Development, in vitro and in vivo evaluation of a new artificial disc prothesis (Kineflex/Centurion disc) and the relevant insertion instrumentation for the human lumbar spine

Hahnle, Ulrich Reinhard
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Lumbar disc replacement is a rapidly expanding surgical treatment modality for longstanding back and leg pain due to intervertebral disc degeneration. Compared to fusion surgery, it has the advantage of preserving segmental mobility, but convincing evidence of superiority over fusion surgery is missing. As part of this research project, I participated in the development of a new intervertebral disc prosthesis, with several international patents attached to the design of the prosthesis, the instrumentation and the insertion technique. The Kineflex (Centurion) lumbar disc is a mechanical, un-constrained, re-centering disc prosthesis developed in South Africa. After the development and manufacturing of the disc, prototype test racks were custom-made at the premises of the manufacturer and the disc was extensively tested for mechanical wear and fatigue. The first implantation took place in October 2002. I prospectively captured all cases performed by our centre, with documentation including demographic data, co-morbidities, clinical history, symptoms and signs. The completed consent forms were filed. The outcome was monitored, pre-operatively and in follow-up, with complete radiological documentation of all radiographs on JPEG files. Clinical outcome results were documented using two different internationally validated questionnaires as well as our own questionnaire, which expands further on work and demographic details, previous operative and conservative treatment, and satisfaction with the treatment outcome. The aim of the this project was to develop a disc prosthesis that is suitable and safe for human implantation into the lumbar spine disc space, even in severely advanced disc degeneration and to verify this in the outcome studies presented in this thesis. Existing indications and contra-indications for artificial disc replacement were critically evaluated regarding their validity for this particular implant. Results: Chapter 3 elaborates on the extensive pre-clinical mechanical wear and fatigue testing protocol to which the Centurion (Kineflex) lumbar disc prosthesis was subjected. The results of this testing protocol, together with our early clinical outcome results, formed the basis for the awarding of the European quality recognition (CE-Mark). In these extensive in vitro studies, we were able to show the durability of the Kineflex disc prosthesis in the long term. This, together with our initial clinical outcome results, formed the basis for the acceptance into a “prospective, randomized, multicenter Food and Drug Administration investigational device exemption study of lumbar total disc replacement with the KINEFLEX Lumbar Artificial Disc versus the CHARITÉ™ Artificial Disc”. Chapter 4 is compiled from an invited submission to a new book on motion preservation surgery in the human spine, edited by leading spine surgeons in the field (James J. Yue, Rudolf Bertagnoli, Paul McAfee, and Howard An) and published by Elsevier Publishers: Chapter 42: Kineflex. In this chapter, an overview is given of the ideas behind the Kineflex disc development, as well as of the insertion instrumentation used for disc implantation. It further reports on early clinical outcome results of the first patients implanted with the device in our centre (the first 40 implantations worldwide were all performed by me). Chapter 5, our first peer reviewed international publication, reports on clinical and radiological 2-year outcome results of our first 100 patients. With the Kineflex implant, we could demonstrate equally good radiological placement accuracy in patients with severe and less severe disc degeneration of the index level, rendering the implant suitable even in severe degeneration of a spinal motion segment. Chapter 6 and Chapter 7 of this thesis consist of two further peer-reviewed publications. They both report on so-called “off-label” patient sub-groups in our disc replacement series. In Chapter 6 we present the second published series on a larger group of patients presenting with adjacent segment disease after previous lumbar fusion surgery as well as the first publication, which investigated the radiological changes in alignment parameters secondary to the disc replacement surgery in this patient group. Chapter 7 consists of the first published series on patients with “degenerative spondylolisthesis” treated with disc replacement surgery. A detailed description of the operative reduction technique is provided, which is unique to the Kineflex disc and its insertion instrumentation. In this pilot study, two-year results on a limited patient group are presented. This thesis concludes with the overall discussion in Chapter 8. It outlines the current knowledge on artificial disc replacement and places my results into perspective with recent discoveries published in the literature. It finishes with my assessment of what future research should concentrate on.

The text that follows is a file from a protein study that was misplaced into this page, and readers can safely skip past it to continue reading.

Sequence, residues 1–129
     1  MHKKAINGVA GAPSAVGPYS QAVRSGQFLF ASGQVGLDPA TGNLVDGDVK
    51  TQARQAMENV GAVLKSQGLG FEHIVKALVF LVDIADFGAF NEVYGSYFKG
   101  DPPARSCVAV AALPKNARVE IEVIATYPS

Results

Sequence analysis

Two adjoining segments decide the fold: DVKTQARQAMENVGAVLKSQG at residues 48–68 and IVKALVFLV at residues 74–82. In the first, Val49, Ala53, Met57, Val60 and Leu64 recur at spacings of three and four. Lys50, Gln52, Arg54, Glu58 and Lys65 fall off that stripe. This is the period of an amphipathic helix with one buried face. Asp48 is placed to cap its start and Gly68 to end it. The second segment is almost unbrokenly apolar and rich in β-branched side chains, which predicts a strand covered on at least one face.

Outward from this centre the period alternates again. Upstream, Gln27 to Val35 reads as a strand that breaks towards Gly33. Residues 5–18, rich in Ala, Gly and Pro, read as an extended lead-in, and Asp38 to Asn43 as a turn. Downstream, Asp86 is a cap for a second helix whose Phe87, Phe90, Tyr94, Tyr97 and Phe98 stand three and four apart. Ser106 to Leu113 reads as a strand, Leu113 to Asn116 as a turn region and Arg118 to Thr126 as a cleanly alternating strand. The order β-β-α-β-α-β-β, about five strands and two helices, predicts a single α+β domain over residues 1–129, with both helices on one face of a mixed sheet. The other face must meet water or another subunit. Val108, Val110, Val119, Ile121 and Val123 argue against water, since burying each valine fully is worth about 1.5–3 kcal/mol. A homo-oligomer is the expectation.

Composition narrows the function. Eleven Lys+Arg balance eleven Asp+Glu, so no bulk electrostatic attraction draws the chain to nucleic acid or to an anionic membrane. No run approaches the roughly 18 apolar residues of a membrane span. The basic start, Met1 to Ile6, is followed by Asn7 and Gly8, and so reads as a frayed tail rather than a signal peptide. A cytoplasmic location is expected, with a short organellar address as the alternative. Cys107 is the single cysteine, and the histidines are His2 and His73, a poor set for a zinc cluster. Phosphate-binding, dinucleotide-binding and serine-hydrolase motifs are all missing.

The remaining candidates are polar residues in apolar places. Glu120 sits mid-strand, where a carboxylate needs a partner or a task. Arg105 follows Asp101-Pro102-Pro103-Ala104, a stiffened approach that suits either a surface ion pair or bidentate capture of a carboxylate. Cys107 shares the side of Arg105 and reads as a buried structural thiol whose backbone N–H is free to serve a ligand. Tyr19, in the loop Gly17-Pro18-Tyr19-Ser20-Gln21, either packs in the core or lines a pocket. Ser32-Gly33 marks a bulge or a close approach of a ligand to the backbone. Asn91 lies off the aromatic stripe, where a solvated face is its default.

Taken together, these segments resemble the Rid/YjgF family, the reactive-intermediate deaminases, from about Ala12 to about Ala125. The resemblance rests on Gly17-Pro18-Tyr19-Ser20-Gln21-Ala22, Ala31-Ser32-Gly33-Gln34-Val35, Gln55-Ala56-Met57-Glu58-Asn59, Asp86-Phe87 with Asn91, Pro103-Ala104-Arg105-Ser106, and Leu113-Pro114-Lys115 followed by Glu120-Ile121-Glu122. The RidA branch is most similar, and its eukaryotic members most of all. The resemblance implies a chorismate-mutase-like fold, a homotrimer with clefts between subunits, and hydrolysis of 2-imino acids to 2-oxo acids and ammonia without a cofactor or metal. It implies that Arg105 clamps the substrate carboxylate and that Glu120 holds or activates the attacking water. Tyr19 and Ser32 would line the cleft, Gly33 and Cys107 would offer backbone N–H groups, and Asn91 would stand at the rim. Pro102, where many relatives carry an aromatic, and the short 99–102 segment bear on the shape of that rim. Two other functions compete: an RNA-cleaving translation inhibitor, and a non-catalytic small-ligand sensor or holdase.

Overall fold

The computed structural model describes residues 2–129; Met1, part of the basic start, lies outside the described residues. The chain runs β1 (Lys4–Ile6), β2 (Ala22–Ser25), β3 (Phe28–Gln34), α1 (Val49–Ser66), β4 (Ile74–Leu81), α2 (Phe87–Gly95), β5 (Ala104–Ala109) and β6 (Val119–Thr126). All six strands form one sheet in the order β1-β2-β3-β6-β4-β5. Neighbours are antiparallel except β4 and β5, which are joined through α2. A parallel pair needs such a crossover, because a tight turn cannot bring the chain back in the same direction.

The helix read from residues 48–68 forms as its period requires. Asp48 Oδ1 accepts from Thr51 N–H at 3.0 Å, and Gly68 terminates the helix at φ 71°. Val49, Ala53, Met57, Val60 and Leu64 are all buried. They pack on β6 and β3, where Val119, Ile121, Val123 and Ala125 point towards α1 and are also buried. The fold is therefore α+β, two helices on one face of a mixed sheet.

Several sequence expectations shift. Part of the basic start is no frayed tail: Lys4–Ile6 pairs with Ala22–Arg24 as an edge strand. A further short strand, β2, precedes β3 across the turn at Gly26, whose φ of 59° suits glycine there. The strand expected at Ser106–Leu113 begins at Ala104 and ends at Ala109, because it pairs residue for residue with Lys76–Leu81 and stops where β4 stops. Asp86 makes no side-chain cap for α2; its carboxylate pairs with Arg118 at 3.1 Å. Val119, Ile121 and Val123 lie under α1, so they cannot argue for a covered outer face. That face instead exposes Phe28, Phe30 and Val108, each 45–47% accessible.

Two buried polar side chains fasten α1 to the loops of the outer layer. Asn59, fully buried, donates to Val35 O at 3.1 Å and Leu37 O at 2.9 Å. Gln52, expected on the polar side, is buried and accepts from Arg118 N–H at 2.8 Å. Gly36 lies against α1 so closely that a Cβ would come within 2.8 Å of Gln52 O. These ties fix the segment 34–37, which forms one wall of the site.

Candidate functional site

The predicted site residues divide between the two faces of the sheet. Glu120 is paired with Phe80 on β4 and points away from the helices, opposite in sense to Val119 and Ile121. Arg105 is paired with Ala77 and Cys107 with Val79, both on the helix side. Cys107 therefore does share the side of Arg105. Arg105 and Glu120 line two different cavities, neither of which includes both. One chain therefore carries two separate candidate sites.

Ph.D., Faculty of Health Sciences, University of the Witwatersrand, 2008.
artificial spinal disc prosthesis, human spine, insertion instrumentation, Kineflex/Centurion disc